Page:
An alternative option may be to build a minimal emergency fund and then focus on paying off expensive debt, after which you can resume saving into your emergency fund account.
How Can I Build An Emergency Fund
The first approach to building an emergency fund is to determine your average monthly expenses. Having an active budget helps you understand where your money goes every month. If you do not already have a budget, you can start one easily. A budget helps you determine your key living expenses such as:
- Rent or Mortgage
- Feeding and groceries
- Medical bills and medication
- Utilities (Water, heating, light and sewage bills)
Alternatively, if you want to build an emergency fund to cover unforeseen events, you could estimate what it would cost to offset an unexpected event such as a car accident or medical expenses and save towards it.
You can get a simple and effective budget template to help you analyze your income and expenses here.
After you have established what your average monthly expenses are or determined an estimate to offset an event occurring, the next step is to start putting aside part of your current income into an emergency fund account.
You can start putting aside any amount on a monthly basis. The goal is to build up a savings amount that is at least 3 to 4 months of your established average monthly expenses.
If needed, you can build up your emergency fund to cover for a longer period of 6 to 12 months or save up to cover multiple events.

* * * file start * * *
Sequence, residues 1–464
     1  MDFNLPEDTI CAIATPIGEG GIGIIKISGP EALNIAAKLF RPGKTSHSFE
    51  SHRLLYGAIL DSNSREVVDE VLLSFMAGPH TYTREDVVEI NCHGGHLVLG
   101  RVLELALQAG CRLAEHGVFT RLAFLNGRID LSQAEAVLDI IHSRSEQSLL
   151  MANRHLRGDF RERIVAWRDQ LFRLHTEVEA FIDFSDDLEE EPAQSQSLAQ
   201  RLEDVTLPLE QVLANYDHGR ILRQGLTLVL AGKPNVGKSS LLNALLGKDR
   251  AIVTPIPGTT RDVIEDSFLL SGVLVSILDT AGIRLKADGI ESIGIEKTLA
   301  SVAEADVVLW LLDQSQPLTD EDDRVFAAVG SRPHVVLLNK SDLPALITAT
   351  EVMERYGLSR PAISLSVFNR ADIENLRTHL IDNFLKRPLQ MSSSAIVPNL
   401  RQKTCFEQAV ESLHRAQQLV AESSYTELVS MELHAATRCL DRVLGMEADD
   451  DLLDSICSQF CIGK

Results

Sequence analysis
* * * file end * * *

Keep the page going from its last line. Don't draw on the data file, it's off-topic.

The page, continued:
It is important to note that you do not want to save up excess money in cash because keeping your money in form of cash does not earn you any returns in the long run.
Where Should I Save My Emergency Fund?
When deciding where to save up your emergency fund, consider these two major factors:
- Liquidity – Ease of access, availability and quick conversion to cash
- Safety – Little to no risk of losing money
It is recommended to put your emergency fund savings in a very liquid account. This is to ensure that you have access to your money when you need it. You can use a regular savings account or a high-interest savings account (HISA) which offers better interest rates on your savings.
If you put your emergency fund savings in stock investments, mutual funds, index funds, or any other type of illiquid investment, you may not be able to convert these investments to cash when you need them.
Also, depending on the financial markets situation, you may lose some money if you sell your investments at certain periods.
What Can I Use My Emergency Fund For?
While monthly living expenses are usually used as a benchmark for building an emergency fund, you can use the money in an emergency fund for:
- Medical emergencies
- Car expenses not covered by insurance
- Major household damages not covered by insurance
- Urgent school expenses
- Other urgent family needs
What Should I Not Use My Emergency Fund For?
There are certain expenses that you should not use your emergency fund for and this usually requires financial discipline. Some of these expenses include but are not limited to:
- New car
- Mortgage down payment
- Minor house maintenance
- Education (You can save up separately for this)
Key Takeaway on Emergency Funds
Emergency funds can relieve you from financial pressures, it can be beneficial to have one. It is important to use your emergency fund for expenses that are classified as emergencies and not for everyday living expenses. An emergency fund should typically be in an account that is liquid, accessible, and relatively safe.
Get a budget template to help you determine your monthly expenses and how much you need to save for your emergency fund.